Doug Henwood

  • Comrades in Digits

    Capitalism as we know it is failing, says Paul Mason, and it’s high time to anoint a successor. In his futurist tract Postcapitalism, he attempts to do just that, mixing Marxist theory, labor history, tech euphoria, and about forty other ingredients into something resembling a unified theory of political economy.

    Postcapitalism bears some resemblance to the utopian and dystopian literature of the 1990s, the time of the dot-com bubble. Common to both schools was the notion that technology was radically transforming the way we work and nothing would ever be the same again. To boosters, tech was

  • The Top of the World

    The core message of this enormous and enormously important book can be delivered in a few lines: Left to its own devices, wealth inevitably tends to concentrate in capitalist economies. There is no “natural” mechanism inherent in the structure of such economies for inhibiting, much less reversing, that tendency. Only crises like war and depression, or political interventions like taxation (which, to the upper classes, would be a crisis), can do the trick. And Thomas Piketty has two centuries of data to prove his point.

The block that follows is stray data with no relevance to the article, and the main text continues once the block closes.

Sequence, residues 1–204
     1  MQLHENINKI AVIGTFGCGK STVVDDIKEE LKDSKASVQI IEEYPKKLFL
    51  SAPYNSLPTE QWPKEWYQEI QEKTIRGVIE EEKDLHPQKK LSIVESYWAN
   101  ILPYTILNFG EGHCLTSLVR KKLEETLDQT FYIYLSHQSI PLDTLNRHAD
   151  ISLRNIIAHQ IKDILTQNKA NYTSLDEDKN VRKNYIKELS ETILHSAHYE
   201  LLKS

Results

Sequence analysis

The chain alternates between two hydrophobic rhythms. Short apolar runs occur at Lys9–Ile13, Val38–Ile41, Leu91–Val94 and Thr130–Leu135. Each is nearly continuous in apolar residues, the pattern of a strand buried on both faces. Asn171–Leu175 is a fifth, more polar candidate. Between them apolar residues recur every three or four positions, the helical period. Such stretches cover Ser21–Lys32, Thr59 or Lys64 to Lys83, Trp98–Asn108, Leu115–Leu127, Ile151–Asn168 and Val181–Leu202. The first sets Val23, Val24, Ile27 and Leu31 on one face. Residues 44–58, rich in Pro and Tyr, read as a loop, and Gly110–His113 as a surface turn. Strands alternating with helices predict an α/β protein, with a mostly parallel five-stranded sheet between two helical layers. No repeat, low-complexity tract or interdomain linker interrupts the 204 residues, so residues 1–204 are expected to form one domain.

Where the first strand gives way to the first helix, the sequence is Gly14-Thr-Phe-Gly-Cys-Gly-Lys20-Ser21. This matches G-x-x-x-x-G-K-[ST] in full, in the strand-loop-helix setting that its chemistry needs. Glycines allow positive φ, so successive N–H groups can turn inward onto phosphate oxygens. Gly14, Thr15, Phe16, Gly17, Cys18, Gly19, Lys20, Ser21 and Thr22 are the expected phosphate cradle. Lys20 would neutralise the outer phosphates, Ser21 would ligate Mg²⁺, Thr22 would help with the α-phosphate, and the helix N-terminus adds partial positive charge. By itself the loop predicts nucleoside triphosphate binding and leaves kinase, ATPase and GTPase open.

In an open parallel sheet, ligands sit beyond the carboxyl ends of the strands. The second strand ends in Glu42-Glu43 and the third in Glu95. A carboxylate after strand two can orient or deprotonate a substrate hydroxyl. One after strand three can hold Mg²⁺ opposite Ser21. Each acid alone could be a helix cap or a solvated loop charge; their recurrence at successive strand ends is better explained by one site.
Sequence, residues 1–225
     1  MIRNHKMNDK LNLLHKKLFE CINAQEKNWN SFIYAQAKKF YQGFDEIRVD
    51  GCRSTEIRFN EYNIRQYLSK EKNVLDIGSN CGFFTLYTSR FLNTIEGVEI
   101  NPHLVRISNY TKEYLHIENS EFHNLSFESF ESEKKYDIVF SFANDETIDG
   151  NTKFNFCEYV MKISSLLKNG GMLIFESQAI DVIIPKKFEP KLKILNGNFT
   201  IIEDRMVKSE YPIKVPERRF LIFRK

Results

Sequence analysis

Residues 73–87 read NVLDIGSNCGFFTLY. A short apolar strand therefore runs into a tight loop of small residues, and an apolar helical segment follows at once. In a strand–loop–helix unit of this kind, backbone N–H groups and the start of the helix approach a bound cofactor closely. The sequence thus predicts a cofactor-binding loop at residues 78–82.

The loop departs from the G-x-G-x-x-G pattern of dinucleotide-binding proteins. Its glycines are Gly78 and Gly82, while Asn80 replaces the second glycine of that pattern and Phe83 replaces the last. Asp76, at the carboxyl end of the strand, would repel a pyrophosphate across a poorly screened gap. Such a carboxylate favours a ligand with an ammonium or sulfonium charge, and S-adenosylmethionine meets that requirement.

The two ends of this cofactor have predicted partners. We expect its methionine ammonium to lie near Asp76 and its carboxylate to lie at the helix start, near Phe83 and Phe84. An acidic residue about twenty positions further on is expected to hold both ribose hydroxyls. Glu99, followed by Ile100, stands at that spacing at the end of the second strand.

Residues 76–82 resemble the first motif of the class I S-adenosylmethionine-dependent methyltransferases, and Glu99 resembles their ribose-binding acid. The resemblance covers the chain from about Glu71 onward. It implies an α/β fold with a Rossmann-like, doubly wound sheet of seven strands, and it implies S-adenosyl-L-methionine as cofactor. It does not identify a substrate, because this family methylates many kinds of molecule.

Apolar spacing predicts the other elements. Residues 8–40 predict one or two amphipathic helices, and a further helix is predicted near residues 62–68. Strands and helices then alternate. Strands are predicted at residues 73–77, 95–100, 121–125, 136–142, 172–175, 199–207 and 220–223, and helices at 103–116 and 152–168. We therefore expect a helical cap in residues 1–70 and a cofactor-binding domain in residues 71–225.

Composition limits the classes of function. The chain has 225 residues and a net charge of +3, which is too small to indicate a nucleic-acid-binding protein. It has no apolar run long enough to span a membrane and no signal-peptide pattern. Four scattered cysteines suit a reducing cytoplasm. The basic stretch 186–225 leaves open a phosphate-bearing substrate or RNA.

In more technical terms, the central argument of Capital in the Twenty-First